Brainwashing is a term frequently used in the popular media to refer to a phenomenon known among psychologists as coercive persuasion. Essentially, the term refers to a set of strategies used to forcibly change someone’s belief system, so they will adhere to a new set of beliefs and obligations. In the public mind, the term often has been associated with the change of perspective and abandonment of family and values often seen in members of religious cults. Some of the techniques described below, however, have also been standard tools in the interrogation of uncooperative prisoners throughout human history.
Major elements of coercive persuasion include:
- Application of physical or emotional stress. Physical stress would include deprivation of sleep, food, light, or exercise. Emotional stress would include isolation with no stimulation, constant repetitive chanting, or sleep deprivation to the point of entering a trancelike state.
- Attribution of all of the person’s problems to one simple explanation, which is repeated over and over. This technique worked well for the Nazis, but it works equally well for today’s ﬁnancial self-help gurus and fringe religious groups.
- Unconditional love, acceptance, and attention are provided by the group leader, who ignores any and all faults, if the subject will come to him.
- Creation of a new identity. This frequently includes a name change and special clothes, as with the practices of the Hare Krishna movement, who all dress identically and sport distinctive haircuts. This makes group membership far more important than individual identity, thus rendering members easier to control.
- Entrapment: also known as the foot-in-the-door technique. The member agrees to a few small changes but then demands begin to gradually increase. Once the demands become unreasonable, it’s too late, and cognitive dissonance is reduced by continuing to go along with the demands.
- Access to information is severely controlled. The group may require a severing of preexisting social ties, including ties to family. Doubts about the group or its leader are mocked, along with attempts at critical thinking. Any distress caused by this is attributed to a lack of sufﬁcient faith in the group or its leader.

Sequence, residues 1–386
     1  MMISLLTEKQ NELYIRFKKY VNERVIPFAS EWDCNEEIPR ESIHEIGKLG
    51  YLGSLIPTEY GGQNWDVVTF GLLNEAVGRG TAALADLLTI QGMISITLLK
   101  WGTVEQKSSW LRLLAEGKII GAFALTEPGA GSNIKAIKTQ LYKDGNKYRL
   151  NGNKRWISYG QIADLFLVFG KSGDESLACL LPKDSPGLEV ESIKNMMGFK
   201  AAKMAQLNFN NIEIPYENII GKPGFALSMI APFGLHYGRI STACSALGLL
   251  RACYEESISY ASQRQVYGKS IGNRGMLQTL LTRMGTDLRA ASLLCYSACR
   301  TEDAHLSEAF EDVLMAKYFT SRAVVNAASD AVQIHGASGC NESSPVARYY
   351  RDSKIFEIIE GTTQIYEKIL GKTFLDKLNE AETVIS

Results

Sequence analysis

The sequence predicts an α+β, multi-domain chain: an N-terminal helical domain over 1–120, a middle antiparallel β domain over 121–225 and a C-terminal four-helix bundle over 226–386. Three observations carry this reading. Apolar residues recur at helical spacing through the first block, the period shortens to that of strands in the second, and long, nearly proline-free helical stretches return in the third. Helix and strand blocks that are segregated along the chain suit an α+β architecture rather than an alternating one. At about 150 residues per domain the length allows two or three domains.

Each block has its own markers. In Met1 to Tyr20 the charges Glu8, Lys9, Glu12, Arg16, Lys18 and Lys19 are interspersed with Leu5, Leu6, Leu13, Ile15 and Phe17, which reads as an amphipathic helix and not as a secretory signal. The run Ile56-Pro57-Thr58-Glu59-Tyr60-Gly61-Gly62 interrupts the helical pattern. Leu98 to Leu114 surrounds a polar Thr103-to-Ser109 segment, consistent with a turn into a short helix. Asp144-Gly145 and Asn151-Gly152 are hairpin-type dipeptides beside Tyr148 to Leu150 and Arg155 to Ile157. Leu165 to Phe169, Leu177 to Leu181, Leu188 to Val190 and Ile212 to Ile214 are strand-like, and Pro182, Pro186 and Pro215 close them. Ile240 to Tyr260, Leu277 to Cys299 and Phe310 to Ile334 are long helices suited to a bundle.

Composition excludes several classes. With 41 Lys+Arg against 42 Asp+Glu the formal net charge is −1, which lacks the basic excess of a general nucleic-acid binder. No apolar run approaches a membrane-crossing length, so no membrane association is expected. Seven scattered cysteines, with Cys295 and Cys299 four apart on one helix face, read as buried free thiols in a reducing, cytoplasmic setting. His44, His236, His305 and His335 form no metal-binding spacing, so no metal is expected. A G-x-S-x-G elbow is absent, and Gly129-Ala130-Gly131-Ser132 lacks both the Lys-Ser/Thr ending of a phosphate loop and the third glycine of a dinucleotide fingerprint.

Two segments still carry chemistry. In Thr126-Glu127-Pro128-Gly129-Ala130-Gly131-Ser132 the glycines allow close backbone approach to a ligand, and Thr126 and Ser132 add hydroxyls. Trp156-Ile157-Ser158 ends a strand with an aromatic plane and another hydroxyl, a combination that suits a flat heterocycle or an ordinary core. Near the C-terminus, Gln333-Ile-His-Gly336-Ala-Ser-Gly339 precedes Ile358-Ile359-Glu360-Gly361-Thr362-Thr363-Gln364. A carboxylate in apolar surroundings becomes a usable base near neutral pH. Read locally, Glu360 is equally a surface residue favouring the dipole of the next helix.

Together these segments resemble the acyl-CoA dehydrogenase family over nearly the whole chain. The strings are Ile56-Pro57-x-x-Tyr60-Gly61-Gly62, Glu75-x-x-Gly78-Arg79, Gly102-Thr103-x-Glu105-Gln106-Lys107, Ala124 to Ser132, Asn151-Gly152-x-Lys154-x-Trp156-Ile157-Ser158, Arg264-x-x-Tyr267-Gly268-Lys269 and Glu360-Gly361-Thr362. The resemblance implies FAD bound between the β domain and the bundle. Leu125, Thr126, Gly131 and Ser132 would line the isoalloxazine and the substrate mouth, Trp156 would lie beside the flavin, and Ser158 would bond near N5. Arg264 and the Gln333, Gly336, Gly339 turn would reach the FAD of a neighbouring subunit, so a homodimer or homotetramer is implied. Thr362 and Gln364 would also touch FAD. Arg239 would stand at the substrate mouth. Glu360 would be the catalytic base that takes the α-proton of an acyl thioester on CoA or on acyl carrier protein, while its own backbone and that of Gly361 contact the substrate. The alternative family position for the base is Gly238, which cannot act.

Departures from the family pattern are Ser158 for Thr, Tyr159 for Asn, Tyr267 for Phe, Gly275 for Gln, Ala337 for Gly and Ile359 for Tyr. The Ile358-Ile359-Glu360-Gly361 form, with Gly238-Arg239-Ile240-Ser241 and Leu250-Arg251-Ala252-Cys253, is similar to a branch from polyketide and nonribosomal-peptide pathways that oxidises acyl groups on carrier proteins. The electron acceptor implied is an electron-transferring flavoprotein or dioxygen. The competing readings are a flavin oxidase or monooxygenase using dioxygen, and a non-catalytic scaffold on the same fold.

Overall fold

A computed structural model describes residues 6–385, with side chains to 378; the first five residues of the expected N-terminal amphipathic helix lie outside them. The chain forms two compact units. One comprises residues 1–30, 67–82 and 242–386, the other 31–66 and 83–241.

The implementation and effectiveness of these techniques are readily seen in the activities of several of the more notorious cults of recent years. The members of Marshall Applewhite’s small Heaven’s Gate community, for example, were all highly intelligent by most measures, yet all of them, including their leader, after dressing identically, lay down and committed suicide in anticipation of being taken aboard a spaceship hidden in the tail of the comet HaleBopp. In Tokyo the members of Aum Shinrikyo, who all wear identical clothing and masks of their leader’s face, injured thousands by releasing nerve gas in a subway system.
Contrary to what many believe, these techniques work on everyone, not just the ignorant or unintelligent. Mohamed Atta, a 9/11 pilot, was well-educated and wealthy, with no apparent psychopathology, a description which equally well suits the followers of Marshall Applewhite, as well as those of Jim Jones, the People’s Temple leader whose followers, over 900, including many children, committed suicide together in the jungles of Guyana.
- Ofshe, R. J., and Watters, E. Making Monsters: False Memory, Psychotherapy, and Sexual Hysteria. New York: Scribner’s, 1994;
- Zimbardo, P. G., and Leippe, M. R. The Psychology of Attitude Change and Social Inﬂuence. New York: McGraw-Hill, 1991.
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